When I was working with kinesiologists on my foot injury, they introduced me to the idea of doing exercises on one side only until both sides were equivalent. I'd always done *exactly* the same number of any exercise on right and left sides. From their perspective, I'm sure part of the reason is that clients can get through their routine in half the time, and they might as well focus on the more important side. I kept doing a few reps of each exercise on the healthier side of my body, and when I got better at some things on my injured foot, I moved back to working on both sides.
Interesting. I might do that for an imbalance in strength.
What I'm seeing is a difference in the little muscles that manage balance, which granted might resolve down to a matter of strength. In Pennsylvania, I did all my strength workouts with free weights so adding foot balance to the upper body exercise was pretty natural, and convenient. I just stopped doing that at home and noticed that 9 months later I had lost some of that balance control.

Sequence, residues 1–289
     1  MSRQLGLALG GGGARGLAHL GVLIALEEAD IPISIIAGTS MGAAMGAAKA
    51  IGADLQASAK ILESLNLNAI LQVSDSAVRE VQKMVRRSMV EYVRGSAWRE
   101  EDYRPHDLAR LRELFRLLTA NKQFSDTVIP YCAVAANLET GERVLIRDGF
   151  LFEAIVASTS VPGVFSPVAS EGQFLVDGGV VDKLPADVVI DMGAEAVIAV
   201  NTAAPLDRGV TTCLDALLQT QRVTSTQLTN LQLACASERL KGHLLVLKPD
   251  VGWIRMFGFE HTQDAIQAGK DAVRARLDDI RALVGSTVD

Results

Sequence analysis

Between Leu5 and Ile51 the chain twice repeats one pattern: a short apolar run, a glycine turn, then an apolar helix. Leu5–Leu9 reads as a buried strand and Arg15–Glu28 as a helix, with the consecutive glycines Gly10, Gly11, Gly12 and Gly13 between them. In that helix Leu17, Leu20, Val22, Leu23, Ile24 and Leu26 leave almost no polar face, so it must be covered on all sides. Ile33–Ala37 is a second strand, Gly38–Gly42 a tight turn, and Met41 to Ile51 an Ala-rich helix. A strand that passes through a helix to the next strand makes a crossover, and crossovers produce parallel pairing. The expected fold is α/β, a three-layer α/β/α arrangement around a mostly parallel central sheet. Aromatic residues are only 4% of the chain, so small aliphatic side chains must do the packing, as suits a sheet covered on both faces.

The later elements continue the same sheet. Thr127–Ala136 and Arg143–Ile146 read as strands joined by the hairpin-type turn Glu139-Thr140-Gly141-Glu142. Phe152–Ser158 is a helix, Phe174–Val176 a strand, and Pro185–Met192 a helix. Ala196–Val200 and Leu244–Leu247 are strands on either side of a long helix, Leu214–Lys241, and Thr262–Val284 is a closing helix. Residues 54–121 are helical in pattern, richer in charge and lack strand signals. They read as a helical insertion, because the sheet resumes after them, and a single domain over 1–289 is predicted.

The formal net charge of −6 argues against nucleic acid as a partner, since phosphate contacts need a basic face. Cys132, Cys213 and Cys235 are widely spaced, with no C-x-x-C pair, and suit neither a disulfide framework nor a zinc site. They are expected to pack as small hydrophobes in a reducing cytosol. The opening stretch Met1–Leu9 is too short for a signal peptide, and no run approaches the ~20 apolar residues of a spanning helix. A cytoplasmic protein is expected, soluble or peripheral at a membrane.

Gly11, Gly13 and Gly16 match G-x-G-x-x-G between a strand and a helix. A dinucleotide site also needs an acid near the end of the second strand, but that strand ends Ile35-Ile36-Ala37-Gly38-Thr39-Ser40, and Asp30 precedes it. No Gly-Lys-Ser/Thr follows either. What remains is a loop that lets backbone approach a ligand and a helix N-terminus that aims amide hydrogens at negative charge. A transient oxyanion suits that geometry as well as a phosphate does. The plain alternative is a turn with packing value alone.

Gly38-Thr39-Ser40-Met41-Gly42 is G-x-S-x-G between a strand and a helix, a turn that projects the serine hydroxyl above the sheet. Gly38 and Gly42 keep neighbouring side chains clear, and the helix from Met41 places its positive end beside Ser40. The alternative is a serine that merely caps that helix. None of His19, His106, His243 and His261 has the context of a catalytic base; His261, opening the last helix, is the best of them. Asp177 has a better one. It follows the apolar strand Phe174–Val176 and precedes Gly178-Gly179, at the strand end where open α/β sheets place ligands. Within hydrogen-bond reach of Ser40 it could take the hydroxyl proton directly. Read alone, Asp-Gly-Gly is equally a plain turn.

I'll probably strike a middle ground and bias some of the one legs exercises to my left side. While I'm on one leg, I am lifting stuff with both arms.
That's really good stuff. Our yoga instructor says that if you only do one thing from yoga, it should be balance. I do some one-legged upper body weights but nothing very heavy.